ATKINS, Iowa (KWWL) - Eastern Iowa schools will resume classwork next month but many districts still haven't finalized their return to learn plans. Child care providers have been struggling to stay open during the pandemic and say they and the families they serve need clarity.
"Parents just want to know what's going to happen," Bree Hepker said, who operates two child care centers with her sister Molly in Benton County.
Hepker says roughly 60% of their kids stopped coming to day care in early April, when the coronavirus really took hold in Iowa, as parents felt it safer to keep them home. She says they're approaching their normal numbers again now and were able to avoid layoffs with federal funding.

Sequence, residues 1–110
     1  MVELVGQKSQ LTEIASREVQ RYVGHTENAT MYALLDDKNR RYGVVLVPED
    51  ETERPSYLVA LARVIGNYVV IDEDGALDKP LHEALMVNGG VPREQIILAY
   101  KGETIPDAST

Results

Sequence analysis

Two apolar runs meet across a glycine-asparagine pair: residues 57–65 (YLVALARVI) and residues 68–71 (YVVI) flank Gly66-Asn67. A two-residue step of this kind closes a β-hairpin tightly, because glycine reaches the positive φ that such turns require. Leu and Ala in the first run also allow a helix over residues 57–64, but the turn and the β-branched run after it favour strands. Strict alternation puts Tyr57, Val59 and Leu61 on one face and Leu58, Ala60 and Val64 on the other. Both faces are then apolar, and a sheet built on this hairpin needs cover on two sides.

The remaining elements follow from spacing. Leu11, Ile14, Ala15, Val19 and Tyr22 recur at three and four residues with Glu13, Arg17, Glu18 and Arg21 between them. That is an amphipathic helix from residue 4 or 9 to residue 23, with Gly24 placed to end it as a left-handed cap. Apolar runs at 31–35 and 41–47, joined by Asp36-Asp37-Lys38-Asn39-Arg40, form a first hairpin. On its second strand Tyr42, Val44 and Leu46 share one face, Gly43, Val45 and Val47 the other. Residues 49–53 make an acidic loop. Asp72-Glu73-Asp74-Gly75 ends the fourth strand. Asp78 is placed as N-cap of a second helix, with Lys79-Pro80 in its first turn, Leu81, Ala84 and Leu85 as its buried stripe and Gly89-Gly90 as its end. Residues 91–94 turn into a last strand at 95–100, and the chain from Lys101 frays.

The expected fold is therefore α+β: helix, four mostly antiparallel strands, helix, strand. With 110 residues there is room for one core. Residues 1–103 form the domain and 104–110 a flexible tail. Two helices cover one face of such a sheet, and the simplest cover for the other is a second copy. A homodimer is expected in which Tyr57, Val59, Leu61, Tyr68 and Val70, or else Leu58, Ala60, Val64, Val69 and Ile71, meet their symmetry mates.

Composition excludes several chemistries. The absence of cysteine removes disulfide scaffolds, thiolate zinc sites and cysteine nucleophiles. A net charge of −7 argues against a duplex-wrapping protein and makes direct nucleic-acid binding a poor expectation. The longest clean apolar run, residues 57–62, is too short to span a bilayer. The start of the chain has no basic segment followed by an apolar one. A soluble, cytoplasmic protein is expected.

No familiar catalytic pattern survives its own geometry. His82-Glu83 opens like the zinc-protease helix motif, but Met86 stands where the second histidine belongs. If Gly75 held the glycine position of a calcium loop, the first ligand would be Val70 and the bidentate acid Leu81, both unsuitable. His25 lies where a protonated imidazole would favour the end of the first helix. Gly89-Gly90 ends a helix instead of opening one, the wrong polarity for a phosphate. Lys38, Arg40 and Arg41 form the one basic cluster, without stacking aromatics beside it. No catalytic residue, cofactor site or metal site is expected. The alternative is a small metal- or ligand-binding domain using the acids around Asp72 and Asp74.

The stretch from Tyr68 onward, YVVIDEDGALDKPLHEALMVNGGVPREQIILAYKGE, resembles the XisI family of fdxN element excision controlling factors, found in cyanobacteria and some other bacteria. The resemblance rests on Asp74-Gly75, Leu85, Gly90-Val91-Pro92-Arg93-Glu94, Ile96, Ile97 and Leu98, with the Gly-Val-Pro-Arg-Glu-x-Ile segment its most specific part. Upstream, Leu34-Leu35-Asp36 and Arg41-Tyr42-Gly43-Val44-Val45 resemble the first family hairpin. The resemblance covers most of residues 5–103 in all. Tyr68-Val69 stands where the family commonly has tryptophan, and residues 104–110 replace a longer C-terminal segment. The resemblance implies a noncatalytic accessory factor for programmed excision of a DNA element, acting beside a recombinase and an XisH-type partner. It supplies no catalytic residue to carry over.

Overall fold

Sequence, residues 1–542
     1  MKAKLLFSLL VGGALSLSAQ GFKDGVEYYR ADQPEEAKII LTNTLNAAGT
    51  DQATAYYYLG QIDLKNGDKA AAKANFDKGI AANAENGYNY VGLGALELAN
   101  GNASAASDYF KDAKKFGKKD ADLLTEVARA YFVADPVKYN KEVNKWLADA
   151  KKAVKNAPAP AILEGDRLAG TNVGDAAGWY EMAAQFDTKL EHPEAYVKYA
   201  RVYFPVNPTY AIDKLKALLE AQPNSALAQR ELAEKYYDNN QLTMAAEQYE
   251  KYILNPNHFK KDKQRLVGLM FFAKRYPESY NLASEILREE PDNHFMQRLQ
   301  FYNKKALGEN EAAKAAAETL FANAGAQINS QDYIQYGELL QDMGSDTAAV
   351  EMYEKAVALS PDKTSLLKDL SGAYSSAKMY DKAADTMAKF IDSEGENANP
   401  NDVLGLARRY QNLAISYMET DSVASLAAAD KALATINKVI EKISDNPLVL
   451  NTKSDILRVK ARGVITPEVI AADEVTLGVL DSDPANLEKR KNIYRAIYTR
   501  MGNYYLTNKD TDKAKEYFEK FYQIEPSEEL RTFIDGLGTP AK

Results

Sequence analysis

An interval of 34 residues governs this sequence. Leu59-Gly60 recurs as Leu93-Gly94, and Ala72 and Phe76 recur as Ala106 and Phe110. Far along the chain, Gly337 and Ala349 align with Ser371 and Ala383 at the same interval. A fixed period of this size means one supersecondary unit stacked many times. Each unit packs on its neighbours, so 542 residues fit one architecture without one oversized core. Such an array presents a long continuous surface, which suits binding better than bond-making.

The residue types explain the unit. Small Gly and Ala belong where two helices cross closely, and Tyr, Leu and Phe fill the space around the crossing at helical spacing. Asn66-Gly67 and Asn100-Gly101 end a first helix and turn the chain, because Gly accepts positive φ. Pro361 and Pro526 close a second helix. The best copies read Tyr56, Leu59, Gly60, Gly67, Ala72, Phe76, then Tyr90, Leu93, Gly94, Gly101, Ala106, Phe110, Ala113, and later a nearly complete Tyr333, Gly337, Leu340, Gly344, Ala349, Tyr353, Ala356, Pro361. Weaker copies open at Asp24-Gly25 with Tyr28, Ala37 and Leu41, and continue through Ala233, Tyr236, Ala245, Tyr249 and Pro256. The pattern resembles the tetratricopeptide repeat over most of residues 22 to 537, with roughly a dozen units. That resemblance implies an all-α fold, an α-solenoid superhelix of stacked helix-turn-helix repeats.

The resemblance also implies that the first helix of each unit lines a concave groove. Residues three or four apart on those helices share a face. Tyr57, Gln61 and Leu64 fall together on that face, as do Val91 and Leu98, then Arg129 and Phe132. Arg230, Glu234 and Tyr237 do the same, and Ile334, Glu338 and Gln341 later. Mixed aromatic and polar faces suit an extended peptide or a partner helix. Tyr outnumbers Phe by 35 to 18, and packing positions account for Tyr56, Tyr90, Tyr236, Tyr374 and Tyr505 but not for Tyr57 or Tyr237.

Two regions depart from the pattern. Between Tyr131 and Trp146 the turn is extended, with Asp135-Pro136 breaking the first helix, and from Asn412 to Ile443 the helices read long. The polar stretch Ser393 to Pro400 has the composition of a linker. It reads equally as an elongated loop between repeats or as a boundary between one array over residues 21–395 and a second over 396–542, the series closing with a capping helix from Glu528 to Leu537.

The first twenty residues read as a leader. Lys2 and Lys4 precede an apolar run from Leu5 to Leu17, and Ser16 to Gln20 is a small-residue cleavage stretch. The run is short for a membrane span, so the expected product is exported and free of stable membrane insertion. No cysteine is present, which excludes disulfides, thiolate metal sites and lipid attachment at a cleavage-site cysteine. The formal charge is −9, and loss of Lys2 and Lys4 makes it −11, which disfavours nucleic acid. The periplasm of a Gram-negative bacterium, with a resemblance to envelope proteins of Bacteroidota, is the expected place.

"Fortunately for us, among other small businesses, we got the PPP loan. So, we were able to increase their wages," Hepker said.
Emergency, pop-up child care was considered as an option during the early stages of the pandemic but was never really needed, according to Mary Janssen with the Iowa Child Care Resource and Referral program.
Janssen says it may be necessary this fall, though; if enough school districts decide to start the year online.
"Everyone's concern is thinking, do we have the capacity to serve school-age children?" Janssen said.
Better Tomorrows Early Childhood Iowa and the Iowa Women's Foundation recently started a campaign supporting child care workers. The groups have been handing out yard signs and window stickers, hailing these workers for their hard work during the pandemic.
Janssen's office has a free parent referral program to learn about day cares in the area, you find out more about that here. The Iowa Department of Human Services also tracks child care opening across the state, on a map which can be found here.